Model-based Search (MBS) is a paradigm in stochastic optimization where the search for the minimum of a function is guided by a statistical model, i.e., a set of probability distributions defined over the search space. The optimum is obtained by sampling from a sequence of probability distributions that minimize the expected value of the function, estimated from a sample of points. The framework is rather general and includes algorithms from Evolutionary Computation and Stochastic Optimization. In this talk we focus on Estimation of Distribution Algorithms (EDAs) which generate sequences of distributions by iteratively selecting a subsample according to the value of the function, estimating the parameters of a distribution, and then sampling a new set of points. Most EDAs use factorizations of the joint probability distribution based on probabilistic graphical models. Two popular examples are BOA, which employs Bayesian Networks, and DEUM, based on Markov Random Fields. In black-box contexts, when the analytic formula of function to be optimized in unknown, it becomes crucial to estimate a good model for the function, able to capture the correlations among the variables, to increase the probability of finding the global optimum. For this reason, EDAs, and more in general MBS algorithms, need efficient algorithms for model selection, to be applied in the high dimensional setting. We present a review of the current state of the art, together with main issues and recent advances, about the use of graphical models in EDA, with particular focus on Markov Random Fields.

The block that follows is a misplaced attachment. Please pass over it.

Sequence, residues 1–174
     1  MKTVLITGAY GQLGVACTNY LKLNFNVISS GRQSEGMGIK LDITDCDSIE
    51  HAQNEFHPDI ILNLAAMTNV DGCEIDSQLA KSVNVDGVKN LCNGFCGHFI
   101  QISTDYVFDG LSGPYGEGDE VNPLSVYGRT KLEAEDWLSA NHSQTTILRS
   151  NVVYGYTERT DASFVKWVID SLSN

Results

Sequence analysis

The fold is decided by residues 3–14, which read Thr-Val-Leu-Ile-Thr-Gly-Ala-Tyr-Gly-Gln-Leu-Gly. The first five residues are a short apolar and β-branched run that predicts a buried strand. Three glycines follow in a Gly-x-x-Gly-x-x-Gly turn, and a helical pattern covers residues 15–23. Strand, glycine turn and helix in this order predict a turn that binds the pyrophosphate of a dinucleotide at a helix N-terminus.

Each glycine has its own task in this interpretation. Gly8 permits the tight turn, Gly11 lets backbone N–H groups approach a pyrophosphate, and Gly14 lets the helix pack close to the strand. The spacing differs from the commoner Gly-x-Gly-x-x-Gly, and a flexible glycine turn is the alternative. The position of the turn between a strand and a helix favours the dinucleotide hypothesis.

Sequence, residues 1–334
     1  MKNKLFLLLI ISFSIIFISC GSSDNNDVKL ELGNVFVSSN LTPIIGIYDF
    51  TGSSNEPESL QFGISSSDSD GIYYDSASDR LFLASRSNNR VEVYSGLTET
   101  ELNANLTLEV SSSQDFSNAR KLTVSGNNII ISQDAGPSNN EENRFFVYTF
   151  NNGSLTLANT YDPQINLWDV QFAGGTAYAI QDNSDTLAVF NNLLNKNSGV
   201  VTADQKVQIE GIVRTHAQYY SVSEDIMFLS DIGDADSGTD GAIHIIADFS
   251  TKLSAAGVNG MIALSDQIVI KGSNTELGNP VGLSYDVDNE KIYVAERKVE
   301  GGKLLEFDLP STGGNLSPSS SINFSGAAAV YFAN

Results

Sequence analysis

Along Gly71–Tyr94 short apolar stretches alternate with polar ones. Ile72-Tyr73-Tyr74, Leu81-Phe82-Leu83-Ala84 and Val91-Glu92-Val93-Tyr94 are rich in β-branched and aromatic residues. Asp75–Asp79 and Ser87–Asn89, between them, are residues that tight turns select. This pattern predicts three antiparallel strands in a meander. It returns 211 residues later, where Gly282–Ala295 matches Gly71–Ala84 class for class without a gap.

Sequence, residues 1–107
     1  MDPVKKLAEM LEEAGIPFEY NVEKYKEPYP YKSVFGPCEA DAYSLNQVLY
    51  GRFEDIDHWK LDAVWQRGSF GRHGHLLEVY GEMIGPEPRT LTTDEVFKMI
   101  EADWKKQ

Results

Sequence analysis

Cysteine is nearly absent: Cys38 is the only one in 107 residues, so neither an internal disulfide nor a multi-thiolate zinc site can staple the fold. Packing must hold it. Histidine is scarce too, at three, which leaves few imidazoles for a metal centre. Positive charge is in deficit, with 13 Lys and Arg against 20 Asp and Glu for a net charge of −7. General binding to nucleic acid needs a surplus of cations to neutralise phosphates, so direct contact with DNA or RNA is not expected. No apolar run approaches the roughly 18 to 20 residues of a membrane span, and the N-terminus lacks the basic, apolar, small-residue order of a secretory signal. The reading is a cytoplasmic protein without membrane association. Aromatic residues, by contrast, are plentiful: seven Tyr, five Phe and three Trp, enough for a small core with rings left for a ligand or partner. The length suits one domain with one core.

Sofia Massa, University of Oxford

Estimating combination of graphical models
In some recent applications, the interest is in combining information about relationships between variables from independent studies performed under partially comparable circumstances. In this talk weintroduce some motivating examples of the research question, present some relevant types of combinations and discuss issues related to the estimation of the parameters of the graphical models combination.

Frantisek Matús,Institute of Information Theory and Automation,Academy of Sciences of the Czech Republic}

Around boundaries of exponential families
Limiting in the standard exponential families of probability measures on Euclidean spaces will be reviewed, in particular, when the mean goes along a segment inside the convex support of such a family towards an endpoint on the boundary. First-order behavior of the corresponding probability measures, information divergences and variance functions can be described when the family has finite support. This has implications on maximization of distances from exponential families and on the problem of classification of exponential families with special variance functions.